I'm ready. Let's do this.
By: Dawn Irwin
I don't really know how to begin this piece, so I'm just going to start writing, sitting in the uncomfortable knowledge of not knowing the best way to begin this conversation.
The past several days have been extremely emotional for me. And, I recognize that the emotions swirling inside of me do not even come close to the emotional baggage Black people in our country have been forced to carry for over four hundred years.
It has been extremely hard to watch video after video of protesters being brutalized by police officers around the country. I also recognize that what I've seen is nothing in comparison to the brutalization the Black community has been experiencing and witnessing for decades. The fact that I didn't do more to stop their nightmare before now weighs heavy on my heart.
I have felt a full range of emotions since the murder of George Floyd. Rage, frustration, confusion, desperation, deep sadness, helplessness, and most of all, shame. These have enveloped me on more than one occasion. But, by the end of last week, I also started to experience some other feelings. I felt inspiration, connectedness, pride, hope, and love. These latter emotions all stemmed from my five year old son.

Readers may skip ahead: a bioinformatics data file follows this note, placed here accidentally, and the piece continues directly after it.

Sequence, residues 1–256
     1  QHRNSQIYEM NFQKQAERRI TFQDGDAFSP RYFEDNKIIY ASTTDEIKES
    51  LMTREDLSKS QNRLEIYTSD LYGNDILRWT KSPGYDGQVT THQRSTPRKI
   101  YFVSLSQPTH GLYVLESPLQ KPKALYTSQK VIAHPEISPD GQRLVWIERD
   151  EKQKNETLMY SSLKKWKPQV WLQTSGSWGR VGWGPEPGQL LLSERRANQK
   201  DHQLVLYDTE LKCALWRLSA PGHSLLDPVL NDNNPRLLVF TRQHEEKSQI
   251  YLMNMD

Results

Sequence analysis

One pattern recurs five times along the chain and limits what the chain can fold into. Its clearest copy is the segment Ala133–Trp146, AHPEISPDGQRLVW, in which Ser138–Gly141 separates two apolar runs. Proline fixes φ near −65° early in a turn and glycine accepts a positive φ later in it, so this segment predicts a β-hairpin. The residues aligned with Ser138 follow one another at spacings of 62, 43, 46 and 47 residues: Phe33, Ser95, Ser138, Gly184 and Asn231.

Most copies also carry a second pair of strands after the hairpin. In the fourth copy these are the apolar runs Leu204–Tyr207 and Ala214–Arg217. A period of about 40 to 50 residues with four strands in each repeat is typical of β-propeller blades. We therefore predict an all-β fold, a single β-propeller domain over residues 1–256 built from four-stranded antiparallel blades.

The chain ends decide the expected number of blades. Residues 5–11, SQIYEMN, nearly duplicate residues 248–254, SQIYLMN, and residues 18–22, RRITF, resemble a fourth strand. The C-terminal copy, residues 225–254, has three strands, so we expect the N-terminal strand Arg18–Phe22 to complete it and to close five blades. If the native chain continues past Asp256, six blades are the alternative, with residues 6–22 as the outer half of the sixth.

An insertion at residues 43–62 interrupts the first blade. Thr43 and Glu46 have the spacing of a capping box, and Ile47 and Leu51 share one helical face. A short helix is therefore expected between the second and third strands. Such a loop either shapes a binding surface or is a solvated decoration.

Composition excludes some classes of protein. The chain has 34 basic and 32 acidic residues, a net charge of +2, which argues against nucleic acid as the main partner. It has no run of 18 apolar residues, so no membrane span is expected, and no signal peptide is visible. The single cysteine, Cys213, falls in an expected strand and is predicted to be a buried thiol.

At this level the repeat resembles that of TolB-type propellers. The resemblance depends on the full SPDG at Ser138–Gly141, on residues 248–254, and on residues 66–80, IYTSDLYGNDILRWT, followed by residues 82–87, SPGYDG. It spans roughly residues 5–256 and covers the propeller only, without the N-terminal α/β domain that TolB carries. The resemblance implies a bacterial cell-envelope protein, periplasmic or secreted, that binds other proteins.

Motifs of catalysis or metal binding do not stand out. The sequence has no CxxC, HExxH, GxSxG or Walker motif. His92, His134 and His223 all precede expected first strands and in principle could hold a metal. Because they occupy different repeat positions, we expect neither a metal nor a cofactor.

It has been impossible to shield my children from the reality of the last few weeks. If I'm being completely honest, the fact that I was shielding them from the racist world we live in at all is a significant sign of my privilege and I regret not having done more to build their awareness. Although I can't change the past, I can recognize my mistakes and vow to do better.
My son heard his father and I having conversations about the protests, the brutality of the police, and the gross mistreatment of BIPOC (Black, Indigenous, People of Color) in America. He also saw me watching videos explaining systemic racism, violence against Blacks, and researching resources for anti-racism. This, as you can imagine, has lead to many questions and conversations.
We have been as honest and transparent about current, as well as past, events as we possibly could be. Questions he asked that I didn't know how to answer, we tried to figure out together. When he asked why Black people are hurt by other people, I told him about White people being afraid of losing power over Black people so White people created ways to keep Black people from feeling safe and left them out of the communities they live in. I told him that White people still hurt Black people to fill them with fear and make them feel like nobody cares about them.
"But, I care about Black people! No one should be unkind to them. No one should hurt them!" he said to me with all the passion a five-year-old can muster.
"That's why it's so important for White people like you and me to use our voices and make sure we stop others from hurting Black people. We need to make sure Black people know that we care about them and will do what we can to help them."